Last, when it comes to copper itself there is something called the Fenton reaction, a process where copper generates free radicals that cause inflammation, and we know inflammation is pro-aging (Sources: Clinical Chemistry and Laboratory Medicine, April 2013, pages 1–8; and Journal of Investigative Dermatology, August 2003, pages 177–183).

We're not stating skin-care products with copper peptides have this effect, or to what degree this effect would amount to in skin if they did, but depending on how the peptides break down it's a possibility. Given lots of other proven, well-researched anti-aging ingredients provide benefits without such a worry, why take the risk with copper peptides?

The Bottom Line

Peptides can be great anti-aging ingredients for skin care products. But as with all other ingredients, they're not the only ones you need to make your skin appear as young and healthy as you'd like. Take those seemingly fantastic claims on products with peptides with a grain of salt, and remember that using products with a cocktail of great ingredients (plus daily sun protection) is the best thing you can do for the health and appearance of your skin!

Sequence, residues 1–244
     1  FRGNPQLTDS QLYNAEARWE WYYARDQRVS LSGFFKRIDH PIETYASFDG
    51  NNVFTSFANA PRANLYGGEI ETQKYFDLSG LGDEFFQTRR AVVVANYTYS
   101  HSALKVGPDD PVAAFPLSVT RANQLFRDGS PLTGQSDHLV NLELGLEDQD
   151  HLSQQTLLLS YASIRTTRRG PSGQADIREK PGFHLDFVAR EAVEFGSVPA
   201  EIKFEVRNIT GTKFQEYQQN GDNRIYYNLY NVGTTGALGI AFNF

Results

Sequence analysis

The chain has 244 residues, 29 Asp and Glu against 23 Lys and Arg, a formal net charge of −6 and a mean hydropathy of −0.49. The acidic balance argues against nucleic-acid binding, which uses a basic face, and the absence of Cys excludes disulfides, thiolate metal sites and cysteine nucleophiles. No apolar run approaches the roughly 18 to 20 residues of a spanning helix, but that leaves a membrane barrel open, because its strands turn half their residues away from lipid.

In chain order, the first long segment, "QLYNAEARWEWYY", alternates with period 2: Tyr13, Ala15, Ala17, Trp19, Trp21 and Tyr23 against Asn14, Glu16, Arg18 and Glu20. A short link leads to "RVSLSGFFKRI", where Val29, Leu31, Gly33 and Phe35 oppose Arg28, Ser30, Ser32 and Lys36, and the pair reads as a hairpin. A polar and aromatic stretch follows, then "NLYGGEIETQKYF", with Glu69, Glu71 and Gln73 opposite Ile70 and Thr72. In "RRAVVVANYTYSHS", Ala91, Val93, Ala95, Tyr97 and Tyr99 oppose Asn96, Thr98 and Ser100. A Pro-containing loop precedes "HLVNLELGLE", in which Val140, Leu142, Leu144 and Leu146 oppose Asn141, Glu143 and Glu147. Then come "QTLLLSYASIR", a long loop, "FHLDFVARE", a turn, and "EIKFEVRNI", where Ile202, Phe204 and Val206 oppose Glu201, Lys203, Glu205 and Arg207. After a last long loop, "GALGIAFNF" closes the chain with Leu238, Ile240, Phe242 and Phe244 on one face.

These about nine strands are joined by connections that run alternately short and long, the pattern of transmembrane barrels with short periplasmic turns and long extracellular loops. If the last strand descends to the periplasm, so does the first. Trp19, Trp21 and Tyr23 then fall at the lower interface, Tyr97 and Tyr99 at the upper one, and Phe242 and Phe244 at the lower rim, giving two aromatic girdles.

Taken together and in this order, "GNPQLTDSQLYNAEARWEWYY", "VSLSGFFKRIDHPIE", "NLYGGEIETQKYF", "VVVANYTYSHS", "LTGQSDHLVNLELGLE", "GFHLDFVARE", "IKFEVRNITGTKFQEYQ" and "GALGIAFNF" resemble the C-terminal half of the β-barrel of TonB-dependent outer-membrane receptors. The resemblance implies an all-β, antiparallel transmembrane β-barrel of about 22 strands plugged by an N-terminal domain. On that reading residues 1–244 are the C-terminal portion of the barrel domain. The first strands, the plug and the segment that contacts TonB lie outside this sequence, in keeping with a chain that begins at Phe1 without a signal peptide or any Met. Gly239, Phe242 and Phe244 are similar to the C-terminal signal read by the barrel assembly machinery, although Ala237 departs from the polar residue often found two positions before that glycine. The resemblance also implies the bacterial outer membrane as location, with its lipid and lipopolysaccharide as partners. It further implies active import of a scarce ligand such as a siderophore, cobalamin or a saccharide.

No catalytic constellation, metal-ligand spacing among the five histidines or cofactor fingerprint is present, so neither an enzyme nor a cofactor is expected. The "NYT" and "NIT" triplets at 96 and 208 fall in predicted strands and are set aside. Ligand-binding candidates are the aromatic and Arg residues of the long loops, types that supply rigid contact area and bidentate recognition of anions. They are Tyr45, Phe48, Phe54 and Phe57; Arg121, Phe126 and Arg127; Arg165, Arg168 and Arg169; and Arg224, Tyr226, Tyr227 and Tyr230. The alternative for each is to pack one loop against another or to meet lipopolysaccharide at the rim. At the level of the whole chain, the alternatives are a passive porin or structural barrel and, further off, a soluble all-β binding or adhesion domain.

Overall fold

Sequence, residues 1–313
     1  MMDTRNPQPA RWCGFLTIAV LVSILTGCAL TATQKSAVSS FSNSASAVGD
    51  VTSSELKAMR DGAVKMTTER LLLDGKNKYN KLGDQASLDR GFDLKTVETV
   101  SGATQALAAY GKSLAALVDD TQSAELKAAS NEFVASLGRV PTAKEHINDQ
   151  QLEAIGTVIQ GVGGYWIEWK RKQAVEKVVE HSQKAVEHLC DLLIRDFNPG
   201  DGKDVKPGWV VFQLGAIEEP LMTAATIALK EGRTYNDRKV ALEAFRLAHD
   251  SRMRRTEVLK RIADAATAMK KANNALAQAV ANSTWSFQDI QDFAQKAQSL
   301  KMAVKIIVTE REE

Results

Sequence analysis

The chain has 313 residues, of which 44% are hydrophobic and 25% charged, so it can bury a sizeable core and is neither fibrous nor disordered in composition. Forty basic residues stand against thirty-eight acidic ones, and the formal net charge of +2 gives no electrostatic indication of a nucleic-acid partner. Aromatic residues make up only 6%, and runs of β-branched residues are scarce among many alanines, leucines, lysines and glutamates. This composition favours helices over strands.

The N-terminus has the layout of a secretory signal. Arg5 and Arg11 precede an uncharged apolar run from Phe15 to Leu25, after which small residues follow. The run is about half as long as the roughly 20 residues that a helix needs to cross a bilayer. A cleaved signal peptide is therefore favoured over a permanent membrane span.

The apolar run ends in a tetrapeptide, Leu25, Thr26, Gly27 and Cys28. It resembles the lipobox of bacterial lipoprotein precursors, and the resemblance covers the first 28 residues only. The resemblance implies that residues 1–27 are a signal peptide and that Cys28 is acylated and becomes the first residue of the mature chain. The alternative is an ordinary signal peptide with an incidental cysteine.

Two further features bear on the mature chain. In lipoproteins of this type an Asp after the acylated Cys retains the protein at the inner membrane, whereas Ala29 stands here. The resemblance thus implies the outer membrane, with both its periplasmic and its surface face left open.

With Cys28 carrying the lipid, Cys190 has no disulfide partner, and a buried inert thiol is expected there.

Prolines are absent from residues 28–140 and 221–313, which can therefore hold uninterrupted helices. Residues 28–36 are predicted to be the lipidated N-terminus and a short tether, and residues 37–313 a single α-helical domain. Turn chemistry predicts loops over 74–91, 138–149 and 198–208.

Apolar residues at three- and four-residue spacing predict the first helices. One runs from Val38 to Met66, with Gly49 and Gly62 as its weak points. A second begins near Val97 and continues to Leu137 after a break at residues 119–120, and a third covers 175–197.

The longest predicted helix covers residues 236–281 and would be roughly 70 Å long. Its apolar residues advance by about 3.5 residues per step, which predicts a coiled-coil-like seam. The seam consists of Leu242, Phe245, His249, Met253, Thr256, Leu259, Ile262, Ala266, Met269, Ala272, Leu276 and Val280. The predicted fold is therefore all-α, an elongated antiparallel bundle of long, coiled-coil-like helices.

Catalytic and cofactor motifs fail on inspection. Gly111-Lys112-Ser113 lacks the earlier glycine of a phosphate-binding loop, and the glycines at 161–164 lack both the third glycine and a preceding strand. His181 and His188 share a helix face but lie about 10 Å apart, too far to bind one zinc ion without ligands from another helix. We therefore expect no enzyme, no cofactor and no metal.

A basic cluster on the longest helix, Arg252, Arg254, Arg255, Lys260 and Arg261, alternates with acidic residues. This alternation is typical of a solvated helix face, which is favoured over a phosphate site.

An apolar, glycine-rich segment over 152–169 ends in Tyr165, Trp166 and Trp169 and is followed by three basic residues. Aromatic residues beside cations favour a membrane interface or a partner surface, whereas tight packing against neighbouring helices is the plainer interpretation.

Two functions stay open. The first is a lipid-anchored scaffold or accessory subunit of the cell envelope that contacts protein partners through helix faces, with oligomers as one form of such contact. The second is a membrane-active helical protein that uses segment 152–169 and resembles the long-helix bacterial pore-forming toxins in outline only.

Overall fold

For more details on peptides, see our Ingredient Dictionary definition.

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About the Experts

Paula Begoun is the best-selling author of 20 books on skin care and makeup. She is known worldwide as the Cosmetics Cop and creator of Paula's Choice. Paula's expertise has led to hundreds of appearances on national and international television including:

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The Paula's Choice Research Team is dedicated to helping you find the absolute best products for your skin, using research-based criteria to review beauty products from an honest, balanced perspective. Each member of the team was personally trained by Paula herself.